News and Opinion from Sisters, Oregon

Zone change a major step for development

The first major steps in a development that could bring 250 to 300 new homes to Sisters in the next couple of years may be taken Thursday, September 10.

The Sisters Planning Commission will hear a request from the owners of a large portion of the Forest Service property along Pine Street to change the zoning on the property to allow for residential development.

The applicant is requesting approval of a Comprehensive Plan Map Amendment to re-designate the property and a zone change from Public Facilities, Urban Area Reserve, and Open Space to Multi-Family Residential, North Sisters Business Park, Open Space and Downtown Commercial.

The special meeting will be held September 10, at 5:30 p.m., in the Sisters City Council Chambers and can be accessed by the public through Zoom (links available at Written public comment can be submitted for the record to [email protected] or dropped in the utility mail drop by 4 p.m. on Thursday, September?10.

Sisters planning staff has recommended approval of the request, with conditions. The staff report may be accessed at the link above.

Kevin Eckert of Build LLC is designing the development of 31 acres of land along Pine Street and Highway 20 for Paul Hodge and Paul and Carla Schneider of Sisters, who purchased the property that was formerly part of the U.S. Forest Service administrative site.

Eckert told The Nugget last June that, “they just saw an opportunity for positive growth.”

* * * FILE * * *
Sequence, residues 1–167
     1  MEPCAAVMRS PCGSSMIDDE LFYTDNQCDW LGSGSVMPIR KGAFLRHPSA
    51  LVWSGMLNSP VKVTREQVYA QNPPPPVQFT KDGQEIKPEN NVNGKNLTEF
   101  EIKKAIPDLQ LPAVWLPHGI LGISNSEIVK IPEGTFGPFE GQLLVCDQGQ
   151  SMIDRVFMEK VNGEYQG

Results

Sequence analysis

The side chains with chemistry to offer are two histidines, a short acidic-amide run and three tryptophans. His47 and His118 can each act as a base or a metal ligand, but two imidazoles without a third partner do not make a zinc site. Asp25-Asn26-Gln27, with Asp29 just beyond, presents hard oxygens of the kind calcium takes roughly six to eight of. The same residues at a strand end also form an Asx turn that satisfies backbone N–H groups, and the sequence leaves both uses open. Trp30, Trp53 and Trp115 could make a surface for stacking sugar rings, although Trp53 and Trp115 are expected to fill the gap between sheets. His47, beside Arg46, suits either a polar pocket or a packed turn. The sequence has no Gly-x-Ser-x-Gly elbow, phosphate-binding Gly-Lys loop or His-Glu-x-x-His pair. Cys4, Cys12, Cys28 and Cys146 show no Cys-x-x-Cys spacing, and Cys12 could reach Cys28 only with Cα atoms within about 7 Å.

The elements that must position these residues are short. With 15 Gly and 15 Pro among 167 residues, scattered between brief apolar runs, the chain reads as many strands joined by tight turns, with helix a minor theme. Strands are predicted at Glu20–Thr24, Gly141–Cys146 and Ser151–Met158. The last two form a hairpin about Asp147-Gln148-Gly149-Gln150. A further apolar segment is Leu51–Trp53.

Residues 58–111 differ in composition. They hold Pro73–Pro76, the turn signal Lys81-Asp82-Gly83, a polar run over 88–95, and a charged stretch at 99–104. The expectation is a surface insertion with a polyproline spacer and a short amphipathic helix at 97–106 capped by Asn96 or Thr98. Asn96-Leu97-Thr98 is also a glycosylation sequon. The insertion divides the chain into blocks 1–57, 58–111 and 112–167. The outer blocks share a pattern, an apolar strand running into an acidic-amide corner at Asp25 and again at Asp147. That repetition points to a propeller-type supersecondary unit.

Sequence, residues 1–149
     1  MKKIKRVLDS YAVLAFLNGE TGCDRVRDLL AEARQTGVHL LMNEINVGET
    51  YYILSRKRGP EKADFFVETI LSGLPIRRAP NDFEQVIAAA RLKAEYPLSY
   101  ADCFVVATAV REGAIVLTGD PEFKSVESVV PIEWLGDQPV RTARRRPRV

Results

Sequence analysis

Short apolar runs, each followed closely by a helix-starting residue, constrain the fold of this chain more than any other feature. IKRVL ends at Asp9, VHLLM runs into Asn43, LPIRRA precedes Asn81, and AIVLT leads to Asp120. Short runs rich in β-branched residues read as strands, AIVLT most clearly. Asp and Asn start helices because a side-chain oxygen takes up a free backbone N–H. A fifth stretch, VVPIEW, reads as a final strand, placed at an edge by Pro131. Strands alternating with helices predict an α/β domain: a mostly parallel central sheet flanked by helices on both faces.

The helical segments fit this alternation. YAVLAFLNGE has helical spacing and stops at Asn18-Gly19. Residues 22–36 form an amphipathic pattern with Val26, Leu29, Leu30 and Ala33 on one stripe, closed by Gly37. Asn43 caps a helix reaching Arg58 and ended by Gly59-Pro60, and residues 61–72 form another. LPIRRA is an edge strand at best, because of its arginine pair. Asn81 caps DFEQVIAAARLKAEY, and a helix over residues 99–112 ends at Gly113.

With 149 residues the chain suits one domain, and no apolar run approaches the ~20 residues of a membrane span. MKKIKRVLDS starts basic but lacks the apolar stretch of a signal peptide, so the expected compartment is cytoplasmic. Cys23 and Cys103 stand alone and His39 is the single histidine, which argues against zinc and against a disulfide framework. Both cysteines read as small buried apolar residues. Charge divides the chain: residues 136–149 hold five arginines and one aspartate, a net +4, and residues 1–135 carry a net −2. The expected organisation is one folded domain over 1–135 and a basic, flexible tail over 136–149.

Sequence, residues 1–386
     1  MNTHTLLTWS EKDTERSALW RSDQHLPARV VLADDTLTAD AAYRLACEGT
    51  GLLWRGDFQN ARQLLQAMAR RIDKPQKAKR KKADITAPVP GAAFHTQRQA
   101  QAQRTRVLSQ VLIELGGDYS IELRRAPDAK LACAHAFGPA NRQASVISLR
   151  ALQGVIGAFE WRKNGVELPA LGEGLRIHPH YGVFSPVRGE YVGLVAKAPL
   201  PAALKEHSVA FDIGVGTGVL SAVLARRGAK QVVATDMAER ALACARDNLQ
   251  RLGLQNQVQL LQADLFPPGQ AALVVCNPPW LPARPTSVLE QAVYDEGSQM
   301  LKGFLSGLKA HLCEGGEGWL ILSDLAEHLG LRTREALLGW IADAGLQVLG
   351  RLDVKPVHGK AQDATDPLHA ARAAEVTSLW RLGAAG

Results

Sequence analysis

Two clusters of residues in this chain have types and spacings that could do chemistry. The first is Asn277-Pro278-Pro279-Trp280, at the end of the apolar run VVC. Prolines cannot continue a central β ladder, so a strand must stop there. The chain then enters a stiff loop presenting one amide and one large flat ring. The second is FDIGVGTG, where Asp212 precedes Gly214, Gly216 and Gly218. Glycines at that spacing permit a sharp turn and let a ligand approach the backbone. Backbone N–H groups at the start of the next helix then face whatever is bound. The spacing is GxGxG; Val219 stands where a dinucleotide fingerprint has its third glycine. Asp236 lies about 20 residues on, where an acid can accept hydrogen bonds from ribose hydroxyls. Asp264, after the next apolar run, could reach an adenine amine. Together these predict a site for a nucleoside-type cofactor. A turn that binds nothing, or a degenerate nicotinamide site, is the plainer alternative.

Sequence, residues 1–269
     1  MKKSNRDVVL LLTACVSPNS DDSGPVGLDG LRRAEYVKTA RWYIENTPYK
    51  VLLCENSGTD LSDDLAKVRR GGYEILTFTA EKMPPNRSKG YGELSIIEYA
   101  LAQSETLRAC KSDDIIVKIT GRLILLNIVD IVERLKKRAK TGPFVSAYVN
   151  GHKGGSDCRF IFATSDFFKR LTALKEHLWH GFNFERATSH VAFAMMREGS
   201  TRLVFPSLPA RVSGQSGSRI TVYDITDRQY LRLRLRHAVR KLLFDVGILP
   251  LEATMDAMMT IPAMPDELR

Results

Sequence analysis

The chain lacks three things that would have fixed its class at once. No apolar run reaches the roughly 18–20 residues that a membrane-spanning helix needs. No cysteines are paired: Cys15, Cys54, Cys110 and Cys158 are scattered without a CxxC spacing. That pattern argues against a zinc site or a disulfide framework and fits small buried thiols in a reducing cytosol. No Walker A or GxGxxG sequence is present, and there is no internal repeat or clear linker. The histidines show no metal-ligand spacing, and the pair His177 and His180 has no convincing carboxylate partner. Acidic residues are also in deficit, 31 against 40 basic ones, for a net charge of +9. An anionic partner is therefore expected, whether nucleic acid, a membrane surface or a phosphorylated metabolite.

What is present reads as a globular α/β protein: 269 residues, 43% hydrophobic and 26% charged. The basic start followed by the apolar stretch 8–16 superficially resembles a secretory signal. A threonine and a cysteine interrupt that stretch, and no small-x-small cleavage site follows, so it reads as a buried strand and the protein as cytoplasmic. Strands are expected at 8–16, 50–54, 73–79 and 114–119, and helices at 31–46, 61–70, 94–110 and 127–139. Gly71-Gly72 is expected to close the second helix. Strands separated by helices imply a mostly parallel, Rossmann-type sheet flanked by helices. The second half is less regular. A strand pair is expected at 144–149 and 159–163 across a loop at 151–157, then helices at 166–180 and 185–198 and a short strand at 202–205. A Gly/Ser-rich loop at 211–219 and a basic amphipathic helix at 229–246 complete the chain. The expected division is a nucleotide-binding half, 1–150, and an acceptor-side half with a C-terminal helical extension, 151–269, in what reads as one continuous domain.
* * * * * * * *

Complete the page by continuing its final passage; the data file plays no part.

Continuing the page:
Hodge, who is CEO of Laird Superfood, has long been an advocate for workforce housing that will allow people who work for a paycheck in Sisters to live in Sisters.

Eckert said that the Sisters Woodlands development, bounded by Pine Street, West Barclay Drive, and Highway 20 (see map) will feature “cottage development” of approximately 1,500 square feet each utilizing shared open space, townhomes and home-over-garage units, and apartment or condominium-style units along Highway?20 with a significant setback from the road.

Eckert said that the cottage development plan will allow the preservation of somewhere around 200 trees.

Eckert told The Nugget that he’s been traveling in the West this summer and seen the pressures placed on small towns by people seeking a change in lifestyle.

“We need it more than ever,” Eckert said. “We need to rally as a town to keep Sisters affordable.”

The fastest possible timeline to put shovels in the ground on the development is late summer 2021.

The Forest Service Sisters Ranger District Headquarters will remain where it is now located, but new facilities will be built. According to Sisters District Ranger Ian Reid, that project, too, will begin at the earliest in 2021.

Author Bio

Jim Cornelius, Editor in Chief

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Jim Cornelius is editor in chief of The Nugget and author of “Warriors of the Wildlands: True Tales of the Frontier Partisans.” A history buff, he explores frontier history across three centuries and several continents on his podcast, The Frontier Partisans. For more information visit


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